In recent years, Portugal has been at high risk of fire and the evidence of this is that today the risk of fire is much higher than what was predicted for 2017, which highlights the critical situation that Portugal is experiencing at the moment, with a large number of burned areas.
If 2017 was a year that marked the memory of the Portuguese people due to the large forest fires that occurred in June and October, of which the one in Pedrógão Grande stands out, it is also true that the current situation is much more serious than that, with worrying and unprecedented meteorological indicators.
For this reason, and because there is also a lot of work to be done regarding prevention measures and forest planning, the LS Engenharia Geográfica team is now releasing an Assessment of Burned Areas for the Summer of 2022 in Portugal, so that the municipalities can start implementing measures and plans for the recovery of this areas, as soon as possible.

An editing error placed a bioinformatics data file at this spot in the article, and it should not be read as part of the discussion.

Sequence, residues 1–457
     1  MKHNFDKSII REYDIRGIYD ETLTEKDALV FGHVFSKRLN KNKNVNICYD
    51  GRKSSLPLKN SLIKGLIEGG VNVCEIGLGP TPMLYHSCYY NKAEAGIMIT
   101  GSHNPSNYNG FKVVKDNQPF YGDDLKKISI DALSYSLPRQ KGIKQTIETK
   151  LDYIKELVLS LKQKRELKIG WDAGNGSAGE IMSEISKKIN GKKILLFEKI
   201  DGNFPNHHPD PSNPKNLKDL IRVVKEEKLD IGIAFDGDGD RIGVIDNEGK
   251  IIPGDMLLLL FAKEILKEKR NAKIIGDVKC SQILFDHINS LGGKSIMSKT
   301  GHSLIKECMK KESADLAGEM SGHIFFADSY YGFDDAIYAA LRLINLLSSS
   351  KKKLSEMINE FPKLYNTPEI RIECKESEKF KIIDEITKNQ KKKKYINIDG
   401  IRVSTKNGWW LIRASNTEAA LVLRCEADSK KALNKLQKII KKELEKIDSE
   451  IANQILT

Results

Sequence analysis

The data used to prepare the maps and information on burned areas were obtained through Copernicus Space Program. The referred information that we now release was extracted from satellite images, namely through Sentinel-2.
This satellite provides images with 13 spectral bands, and those used for geoprocessing have a resolution of 10m. The analysis of the bands was performed in QGIS software, from which we extracted visual information about the burned areas, by parish and municipality, both in hectares and in percentage.
Below is a list of the burned areas in Portugal, over the last few months:
On the other hand, in order to be able to produce a complete information, we used the collected data to gather information and create air quality maps, which were also obtained through the Sentinel Program.
For this purpose, the sensors array in Sentinel 5P satellite, allow the collection of data on the concentration of pollutants, namely nitrogen dioxide, carbon monoxide, methane, formaldehyde, ozone, sulfur dioxide, whose characteristics can be found here.
Of the pollutants mentioned above, only two are associated with combustion - nitrogen dioxide and carbon monoxide - and only nitrogen dioxide concentration data were used for air quality in burned areas.
The analysis of this data was performed in GIS, allowing the elaboration of air quality maps, making the information visually available.